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Great? Salt Lake not living up to its name

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Utah's dwindling Great Salt Lake has withdrawn so far from its traditional shores you don't have to go wading, let alone miraculously walk on water, to trek across it anymore.

Because of near-record low water levels — the lake is almost 18 feet lower than it was during its mid-1980s heyday and some 6 feet below its average elevation — the Great Salt Lake is now almost totally devoid of true islands. Oodles of extra ground have been revealed just this year, including a huge sandbar north of Antelope Island that hasn't been visible for nearly 40 years.

Of the 10 notable islands in the lake — four major isles and six minor ones — only Gunnison Island in the lake's northwest arm is still surrounded by water. The other 10 are all connected to the mainland in some fashion.

And Gunnison may yet join them.

"There's probably only a foot of water left around Gunnison," says Wallace Gwynn of the Utah Geological Survey.

The "islands" are larger now, too, from the extra land exposed around their shores.

And because the lake's elevation is just 4,194.2 feet above sea level now, even Fremont Island is connected to land.

A gigantic sandbar — up to a mile wide in some places — was still 1.5 feet underwater last fall. But Utah's six-year drought finally allowed it to emerge late this summer for the first time in four decades.

In the mid-1960s, Charles Stoddard of West Point used to drive his truck across the sandbar to Fremont Island to do some ranching. However, by the late 1960s, the rising lake made that trip far too muddy and wet.

Using the sandbar to go from the causeway to Antelope Island, and northwest to Fremont Island, has only been possible during three other periods since the pioneers settled here in 1847 — from about 1902-1907, from 1934-1940 and again from 1958-67. The lake's surface elevation must be about 4,194 feet for the dry ground to emerge.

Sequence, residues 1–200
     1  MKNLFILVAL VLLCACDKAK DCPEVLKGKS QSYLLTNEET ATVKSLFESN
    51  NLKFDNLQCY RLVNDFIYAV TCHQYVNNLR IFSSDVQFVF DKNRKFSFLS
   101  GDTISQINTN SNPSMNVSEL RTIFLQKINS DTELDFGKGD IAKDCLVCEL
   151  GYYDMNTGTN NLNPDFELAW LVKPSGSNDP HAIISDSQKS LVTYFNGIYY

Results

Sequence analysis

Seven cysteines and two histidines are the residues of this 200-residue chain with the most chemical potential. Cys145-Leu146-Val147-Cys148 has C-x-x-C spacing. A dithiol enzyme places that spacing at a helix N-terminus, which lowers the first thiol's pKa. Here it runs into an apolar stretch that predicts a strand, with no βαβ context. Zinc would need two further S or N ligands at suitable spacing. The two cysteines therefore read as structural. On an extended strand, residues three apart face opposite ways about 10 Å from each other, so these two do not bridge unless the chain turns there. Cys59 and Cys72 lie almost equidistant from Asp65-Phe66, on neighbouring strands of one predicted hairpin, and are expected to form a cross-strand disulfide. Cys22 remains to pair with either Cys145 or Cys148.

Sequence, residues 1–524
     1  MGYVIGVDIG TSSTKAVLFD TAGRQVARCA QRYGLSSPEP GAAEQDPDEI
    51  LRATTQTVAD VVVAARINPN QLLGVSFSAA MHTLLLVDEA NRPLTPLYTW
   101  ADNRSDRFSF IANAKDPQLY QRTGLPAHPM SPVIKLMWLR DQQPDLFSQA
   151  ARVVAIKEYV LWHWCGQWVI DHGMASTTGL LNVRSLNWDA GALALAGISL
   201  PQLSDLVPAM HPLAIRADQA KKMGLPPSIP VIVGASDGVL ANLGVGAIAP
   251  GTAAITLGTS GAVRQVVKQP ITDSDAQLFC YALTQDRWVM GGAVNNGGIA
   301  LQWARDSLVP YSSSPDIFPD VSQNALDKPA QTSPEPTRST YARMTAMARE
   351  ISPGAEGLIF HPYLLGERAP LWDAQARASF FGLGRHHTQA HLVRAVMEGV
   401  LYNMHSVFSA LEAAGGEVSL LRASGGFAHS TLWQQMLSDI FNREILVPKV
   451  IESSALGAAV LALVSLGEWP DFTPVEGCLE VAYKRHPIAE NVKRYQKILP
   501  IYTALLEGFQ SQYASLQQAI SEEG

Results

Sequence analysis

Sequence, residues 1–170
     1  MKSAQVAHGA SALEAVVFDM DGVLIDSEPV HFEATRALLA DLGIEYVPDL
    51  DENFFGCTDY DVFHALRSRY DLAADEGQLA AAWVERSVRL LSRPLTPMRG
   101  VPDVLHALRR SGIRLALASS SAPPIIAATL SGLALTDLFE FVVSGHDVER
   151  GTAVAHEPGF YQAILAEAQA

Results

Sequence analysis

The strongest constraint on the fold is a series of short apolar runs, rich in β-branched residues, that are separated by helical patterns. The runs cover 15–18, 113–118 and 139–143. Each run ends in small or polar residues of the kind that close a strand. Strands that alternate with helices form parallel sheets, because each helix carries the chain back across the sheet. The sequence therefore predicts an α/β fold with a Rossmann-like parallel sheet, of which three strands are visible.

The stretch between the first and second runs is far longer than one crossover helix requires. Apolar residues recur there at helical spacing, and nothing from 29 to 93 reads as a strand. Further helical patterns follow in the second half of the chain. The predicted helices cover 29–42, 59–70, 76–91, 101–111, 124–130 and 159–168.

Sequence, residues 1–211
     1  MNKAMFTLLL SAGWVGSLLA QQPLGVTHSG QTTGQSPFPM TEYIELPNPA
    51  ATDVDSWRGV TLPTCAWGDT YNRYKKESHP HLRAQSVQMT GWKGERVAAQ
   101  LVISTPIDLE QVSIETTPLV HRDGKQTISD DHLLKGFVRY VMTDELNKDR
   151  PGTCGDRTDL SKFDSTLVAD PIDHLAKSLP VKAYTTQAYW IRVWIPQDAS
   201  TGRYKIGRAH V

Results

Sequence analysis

"Hiking" the lake

A trek on the sandbar is no cakewalk. It is level, but Fremont is not as close as it appears. It is at least seven miles to Fremont, a privately owned island, from the Antelope Island causeway.

The muddiest portion is the first few hundred yards. Then the stretch toward Fremont is almost always a dry, dusty and seemingly endless plain.

On a recent hike of 14-plus miles, all that was visible were a few pieces of wood, a few bird feathers, one old tire, an old glass pop bottle, pockets of decaying brine shrimp and sections of salty crust.

The lone landmark is an old wooden log, curiously stuck firmly in the lake bed about 1.5 miles from the causeway, and sticking up 10 feet above ground on a slant.

Walking toward the sandbar at top speed, it took 2 1/2 hours to reach the edge of Fremont Island. A herd of cows there seemed oblivious to the fact that freedom awaited them, if they simply walked across the sandbar. Although the cattle have walked through portions of what used to be Wenner Bay, they seem content on Fremont.

(Anyone wanting to explore Fremont Island should make prior arrangements with the landowner.)

Although U.S. Geological Survey maps list the sandbar at an elevation of 4,194 feet above sea level, it is at least a foot higher now. Gwynn doesn't discount that 40 years of sediment from the inflow of the Weber River might have raised the sandbar somewhat in the past 40 years.

Health risks?

In the short term, the lake's exposed mud flats — especially in Farmington Bay, west of Davis County's cities and towns — may yet pose health risks. Gwynn said the Environmental Protection Agency is analyzing the dust in Farmington Bay to determine if it has any toxic properties that could become airborne in windstorms.

When will the lake rise again? It does so seasonally every year.

Gwynn said it's usually late October or early November when the lake begins to rise. However, he's expecting it will be almost a half-foot lower next summer than it is now if the drought continues. The sandbar likely will turn wet again later this fall, not drying out again until at least next summer.

The lake's all-time low was about 4,191 feet in 1963. Its all-time high, at 4,212, was not all that long ago, in 1986-87.

Lynn Arave, Ryan Layton and Mike Spencer walked the approximate 16-mile round-trip distance along the sandbar, from the Antelope Island causeway to the edge of Fremont Island, on Sept. 27. E-mail: lynn@desnews.com